If sugar is an issue in your diet, then Crack Pie it’s a big no-no for you: this is rich in it, and also a lot more, but the more you have, the more you want to have.
So along with this little disclaimer, how can I not mention the fact that this was invented by Queen Christina Tosi herself, and the story about it it’s quite a funny one too – gotta order your copy of Momofuku Milk Bar, methinks.
Also, just by searching online, I can see this was renamed in 2019 because of the number of complaints they got.
Either way, I will stick to the original Crack Pie name, and you do you guys, you do you. You can read about the reasons – which are fair, now that I get to see them – here.
Now, though, buckle up because this will be intense.
- 115g butter
- 75g light brown sugar
- 40g granulated sugar
- 1 egg yolk
- 80g flour
- 120g rolled oats
- 0.5g baking powder
- 0.25g baking soda
- 2g salt
- Start by heating the oven at 180°C.
- Place the butter and both sugars in the bowl of your standing mixer and, using the paddle attachment, cream together on medium-high until fluffy and pale yellow in colour - 2 to 3 minutes.
- Lower the speed and add the egg yolk, then increase again and beat for a minute or 2, or until the mixture is pale white.
- Lower the speed again and start adding the flour, oats, baking powder, baking soda and salt. Mix until the dough comes together and all the dry ingredients are incorporated.
- Place the cookie dough in the center of a pan covered with baking paper and spread it out - with the help of a spatula or by hand - until it's around 5-6mm thick. It will not cover the whole pan, and that it's fine.
- Bake for 15 minutes - it needs to be firm but golden. Cool completely for a couple of hours.
The Oat Cookie can be made ahead - it keeps well in the fridge wrapped in cling film for up to 1 week.
Once your Oat Cookie is ready, it’s time to rock’n’roll with the rest of the Crack Pie. I admire you if you end up doing it all in one day – I did, and I was exhausted.
For the Crust
- 1 recipe Oat Cookie
- 7g light brown sufar
- 0.5g salt
- 30g butter, melted
for the filling
- 150g granulated sugar
- 60g light brown sugar
- 10g milk powder
- 12g corn powder
- 3g salt
- 112g butter, melted
- 80g double cream
- 1g vanilla extract
- 4 egg yolks
- Heat the oven at 180°C.
- In a food processor, blend half of the Oat Cookie with the sugar and salt until it is broken down in a wet sand. Transfer in a bowl and add the melted butter and mix until well combined.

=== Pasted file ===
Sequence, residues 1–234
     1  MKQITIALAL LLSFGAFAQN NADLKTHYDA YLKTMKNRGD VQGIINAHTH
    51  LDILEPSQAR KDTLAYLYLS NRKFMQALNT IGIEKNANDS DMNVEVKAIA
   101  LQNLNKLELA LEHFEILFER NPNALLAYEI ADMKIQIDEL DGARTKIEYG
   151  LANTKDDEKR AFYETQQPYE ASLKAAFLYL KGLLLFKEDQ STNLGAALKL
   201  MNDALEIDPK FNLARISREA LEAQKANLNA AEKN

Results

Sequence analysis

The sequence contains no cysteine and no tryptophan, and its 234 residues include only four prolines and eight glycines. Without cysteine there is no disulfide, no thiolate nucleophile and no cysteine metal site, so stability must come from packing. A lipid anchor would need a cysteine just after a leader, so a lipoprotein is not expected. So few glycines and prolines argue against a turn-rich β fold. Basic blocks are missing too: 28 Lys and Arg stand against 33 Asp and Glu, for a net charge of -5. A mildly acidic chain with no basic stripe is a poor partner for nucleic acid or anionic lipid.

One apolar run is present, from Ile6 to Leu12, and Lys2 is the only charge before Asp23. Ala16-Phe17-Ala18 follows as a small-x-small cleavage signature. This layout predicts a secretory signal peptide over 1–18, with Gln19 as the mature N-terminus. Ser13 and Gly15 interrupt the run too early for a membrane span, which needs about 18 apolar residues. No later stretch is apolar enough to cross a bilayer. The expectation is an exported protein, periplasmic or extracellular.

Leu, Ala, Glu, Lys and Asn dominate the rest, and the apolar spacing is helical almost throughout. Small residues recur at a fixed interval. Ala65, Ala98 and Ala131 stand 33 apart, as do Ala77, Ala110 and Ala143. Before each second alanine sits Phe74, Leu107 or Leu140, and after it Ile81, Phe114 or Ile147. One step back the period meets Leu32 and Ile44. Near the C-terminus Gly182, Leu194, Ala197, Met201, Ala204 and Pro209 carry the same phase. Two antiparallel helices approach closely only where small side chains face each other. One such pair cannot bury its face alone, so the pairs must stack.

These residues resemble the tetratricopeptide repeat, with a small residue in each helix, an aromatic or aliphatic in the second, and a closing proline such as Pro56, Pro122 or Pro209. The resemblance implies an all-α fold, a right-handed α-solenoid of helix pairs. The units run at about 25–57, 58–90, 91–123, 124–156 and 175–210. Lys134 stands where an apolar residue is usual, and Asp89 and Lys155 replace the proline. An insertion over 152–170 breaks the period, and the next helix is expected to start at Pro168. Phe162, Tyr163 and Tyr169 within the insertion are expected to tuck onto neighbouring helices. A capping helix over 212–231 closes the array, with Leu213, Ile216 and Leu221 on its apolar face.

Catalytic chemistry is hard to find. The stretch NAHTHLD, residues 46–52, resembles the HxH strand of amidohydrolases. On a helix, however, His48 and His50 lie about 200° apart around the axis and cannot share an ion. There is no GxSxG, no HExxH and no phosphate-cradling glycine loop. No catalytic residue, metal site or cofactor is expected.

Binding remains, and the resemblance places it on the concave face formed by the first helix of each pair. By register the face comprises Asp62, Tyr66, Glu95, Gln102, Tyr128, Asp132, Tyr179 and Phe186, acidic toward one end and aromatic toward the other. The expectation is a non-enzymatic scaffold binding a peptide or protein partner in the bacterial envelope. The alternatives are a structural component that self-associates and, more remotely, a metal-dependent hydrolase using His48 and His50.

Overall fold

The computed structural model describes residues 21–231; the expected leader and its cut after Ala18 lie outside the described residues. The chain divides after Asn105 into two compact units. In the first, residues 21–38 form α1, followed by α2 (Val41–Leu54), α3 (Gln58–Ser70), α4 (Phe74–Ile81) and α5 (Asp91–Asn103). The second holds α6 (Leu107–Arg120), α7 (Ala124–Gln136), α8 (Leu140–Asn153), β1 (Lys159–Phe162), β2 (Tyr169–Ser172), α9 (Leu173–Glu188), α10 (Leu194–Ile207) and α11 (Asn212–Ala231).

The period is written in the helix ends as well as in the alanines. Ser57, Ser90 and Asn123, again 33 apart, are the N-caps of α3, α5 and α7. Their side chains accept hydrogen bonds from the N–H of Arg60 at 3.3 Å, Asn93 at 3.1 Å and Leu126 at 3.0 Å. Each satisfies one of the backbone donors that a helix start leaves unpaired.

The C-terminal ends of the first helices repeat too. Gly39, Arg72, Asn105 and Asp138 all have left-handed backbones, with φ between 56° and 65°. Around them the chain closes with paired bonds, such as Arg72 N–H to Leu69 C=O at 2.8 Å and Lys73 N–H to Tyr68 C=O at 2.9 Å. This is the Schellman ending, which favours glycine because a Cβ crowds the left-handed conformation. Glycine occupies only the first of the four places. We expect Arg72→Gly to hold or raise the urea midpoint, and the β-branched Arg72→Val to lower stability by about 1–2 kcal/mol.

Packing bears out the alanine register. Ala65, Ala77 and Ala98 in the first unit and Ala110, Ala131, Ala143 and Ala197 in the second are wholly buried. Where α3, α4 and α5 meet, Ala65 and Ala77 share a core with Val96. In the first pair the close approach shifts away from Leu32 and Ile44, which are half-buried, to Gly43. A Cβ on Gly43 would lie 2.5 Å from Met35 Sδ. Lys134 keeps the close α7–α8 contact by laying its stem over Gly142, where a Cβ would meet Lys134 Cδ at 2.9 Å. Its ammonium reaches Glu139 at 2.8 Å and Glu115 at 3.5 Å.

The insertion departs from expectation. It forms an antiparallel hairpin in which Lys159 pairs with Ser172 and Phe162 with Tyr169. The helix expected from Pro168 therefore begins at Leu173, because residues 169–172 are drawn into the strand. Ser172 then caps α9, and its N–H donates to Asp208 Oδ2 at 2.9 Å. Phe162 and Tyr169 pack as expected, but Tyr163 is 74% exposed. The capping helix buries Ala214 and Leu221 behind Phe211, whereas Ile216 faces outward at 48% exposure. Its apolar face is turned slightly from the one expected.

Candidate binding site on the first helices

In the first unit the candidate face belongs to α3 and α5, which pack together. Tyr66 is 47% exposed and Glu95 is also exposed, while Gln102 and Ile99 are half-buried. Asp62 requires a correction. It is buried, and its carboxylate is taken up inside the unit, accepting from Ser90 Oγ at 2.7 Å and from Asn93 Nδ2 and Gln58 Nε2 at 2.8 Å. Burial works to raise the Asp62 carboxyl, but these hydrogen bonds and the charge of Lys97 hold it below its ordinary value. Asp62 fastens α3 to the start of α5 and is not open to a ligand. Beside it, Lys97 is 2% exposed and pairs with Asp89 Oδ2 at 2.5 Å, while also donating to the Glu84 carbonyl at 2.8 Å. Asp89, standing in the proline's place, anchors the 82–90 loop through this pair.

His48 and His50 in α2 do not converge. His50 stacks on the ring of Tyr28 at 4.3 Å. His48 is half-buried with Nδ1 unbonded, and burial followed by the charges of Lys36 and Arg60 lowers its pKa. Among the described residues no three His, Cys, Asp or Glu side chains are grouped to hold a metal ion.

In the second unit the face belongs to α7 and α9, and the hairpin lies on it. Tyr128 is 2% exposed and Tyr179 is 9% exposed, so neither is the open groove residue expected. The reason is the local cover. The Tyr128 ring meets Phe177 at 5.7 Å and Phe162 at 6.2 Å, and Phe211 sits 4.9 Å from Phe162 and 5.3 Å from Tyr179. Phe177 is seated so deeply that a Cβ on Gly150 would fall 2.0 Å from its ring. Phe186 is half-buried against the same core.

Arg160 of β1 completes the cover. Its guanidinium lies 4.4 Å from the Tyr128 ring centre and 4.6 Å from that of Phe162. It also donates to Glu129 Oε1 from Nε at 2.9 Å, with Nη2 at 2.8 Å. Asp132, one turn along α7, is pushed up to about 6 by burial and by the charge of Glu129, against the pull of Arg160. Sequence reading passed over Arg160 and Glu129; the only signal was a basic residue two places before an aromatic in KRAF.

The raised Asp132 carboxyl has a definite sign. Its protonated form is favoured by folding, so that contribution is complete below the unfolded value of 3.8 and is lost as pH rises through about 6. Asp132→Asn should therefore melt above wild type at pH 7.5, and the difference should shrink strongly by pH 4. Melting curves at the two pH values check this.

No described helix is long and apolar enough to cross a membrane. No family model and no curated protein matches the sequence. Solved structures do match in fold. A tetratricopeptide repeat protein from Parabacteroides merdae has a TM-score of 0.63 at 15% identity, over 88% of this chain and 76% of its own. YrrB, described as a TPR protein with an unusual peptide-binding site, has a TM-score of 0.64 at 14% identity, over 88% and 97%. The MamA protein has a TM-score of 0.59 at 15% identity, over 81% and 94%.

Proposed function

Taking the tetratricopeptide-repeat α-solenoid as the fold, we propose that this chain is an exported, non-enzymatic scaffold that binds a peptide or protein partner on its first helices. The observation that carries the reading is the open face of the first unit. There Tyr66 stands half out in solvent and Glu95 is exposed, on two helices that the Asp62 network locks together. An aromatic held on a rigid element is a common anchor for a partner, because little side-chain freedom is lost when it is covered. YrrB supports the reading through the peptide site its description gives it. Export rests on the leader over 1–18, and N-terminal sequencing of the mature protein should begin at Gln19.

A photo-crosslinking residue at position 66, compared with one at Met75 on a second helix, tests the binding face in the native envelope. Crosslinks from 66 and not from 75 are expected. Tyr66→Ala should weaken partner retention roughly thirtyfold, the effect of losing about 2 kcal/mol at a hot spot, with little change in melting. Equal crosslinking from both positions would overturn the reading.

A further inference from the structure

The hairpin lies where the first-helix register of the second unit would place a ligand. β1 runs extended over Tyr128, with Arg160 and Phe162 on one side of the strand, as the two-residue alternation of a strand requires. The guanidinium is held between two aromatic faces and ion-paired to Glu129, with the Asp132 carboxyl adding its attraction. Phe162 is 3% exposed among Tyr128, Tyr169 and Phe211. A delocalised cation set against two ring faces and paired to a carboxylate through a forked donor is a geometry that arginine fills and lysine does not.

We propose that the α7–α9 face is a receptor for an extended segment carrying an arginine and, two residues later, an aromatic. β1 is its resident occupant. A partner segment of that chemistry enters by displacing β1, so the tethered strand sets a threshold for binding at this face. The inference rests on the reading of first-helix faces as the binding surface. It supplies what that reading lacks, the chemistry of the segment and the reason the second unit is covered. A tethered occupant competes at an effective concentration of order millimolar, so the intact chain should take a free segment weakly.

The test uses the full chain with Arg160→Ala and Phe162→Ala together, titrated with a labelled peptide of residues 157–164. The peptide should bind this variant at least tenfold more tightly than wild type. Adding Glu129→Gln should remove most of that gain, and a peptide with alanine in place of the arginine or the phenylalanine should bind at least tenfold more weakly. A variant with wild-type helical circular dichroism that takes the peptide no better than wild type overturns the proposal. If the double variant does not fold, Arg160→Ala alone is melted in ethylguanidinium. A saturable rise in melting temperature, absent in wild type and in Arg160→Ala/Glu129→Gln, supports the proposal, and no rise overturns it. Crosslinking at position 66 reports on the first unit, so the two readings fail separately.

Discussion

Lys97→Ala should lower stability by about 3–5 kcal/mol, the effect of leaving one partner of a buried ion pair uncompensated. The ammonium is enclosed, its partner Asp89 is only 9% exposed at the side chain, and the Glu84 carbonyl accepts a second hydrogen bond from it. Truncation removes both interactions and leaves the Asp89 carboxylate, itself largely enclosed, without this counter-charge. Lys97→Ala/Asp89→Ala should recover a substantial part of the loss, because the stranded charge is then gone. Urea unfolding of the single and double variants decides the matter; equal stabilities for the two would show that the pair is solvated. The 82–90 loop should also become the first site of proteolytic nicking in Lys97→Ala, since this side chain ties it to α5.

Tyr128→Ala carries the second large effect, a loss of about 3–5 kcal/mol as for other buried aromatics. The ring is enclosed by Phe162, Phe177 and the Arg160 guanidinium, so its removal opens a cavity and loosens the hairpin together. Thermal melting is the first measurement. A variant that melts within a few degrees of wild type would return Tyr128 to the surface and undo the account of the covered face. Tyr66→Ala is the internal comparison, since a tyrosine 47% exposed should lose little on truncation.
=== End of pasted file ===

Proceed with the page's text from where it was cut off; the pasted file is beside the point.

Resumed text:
- Using your fingers and the palms of your hand, move the mixture in a 10-inch pie dish and cover the pie dish evenly.
- Now onto the filling: using a paddle attachment for your stand mixer, combine the sugars, milk powder, corn powder and salt on low speed until fully blended.
- Add the melted butter and mix for 2-3 minutes, until all the ingredients are wet.
- Now add the cream and vanilla and mix on low for a couple of minutes, or until the white streaks from the cream have disappeared.
- Scrape down the sides of the bowl with a spatula, then add the egg yolks and mix them in just to combine, making sure no air gets in the mix.
- Pour the mix in the pastry case to 3/4 full and bake for 15 minutes, with the pie becoming golden brown on top, but still very jiggly.
- Open the oven door to get the temperature to drop to 170°C - this may take a few minutes, leave the pie in any way. Close the door once the temperature decreases and bake for a further 5 minutes.
- The pie should now be jiggly just in the very centre, if not bake for a further 5 minutes or so.
- Let the pie cool at room temperature and freeze the pie for at least 3 hours, or overnight - this is the signature technique to a perfectly executed pie.
- Serve cold, with a dusting of icing sugar.
As mentioned, this took a lot longer than you average pie, and possibly I won’t give it a shot again because I am a lazy butt, but if you follow the recipe to the letter, this is bound to come out amazing.
Fred is a big fan of Crack Pie – and Birthday Cake Truffles! – so the pressure was on to get it done quickly and properly on the first try. Nothing we could not deliver – said no one ever!
A few things you should note:
- It is a time-consuming recipe, and as such you need to consider the time you have on your hands;
- It is a very easy recipe if every single piece of instruction is followed to a T;
- You will require freezer space, so make sure you plan for this too;
- Don’t eat it all in one go or you’ll end up sick – we have yet to be there but thought it was worth a shout about.
- The rest of the Oat Cookie needs to be eaten by dunking in a great cup of coffee or tea, it’s a must.
For more sweet recipes, check out collection here.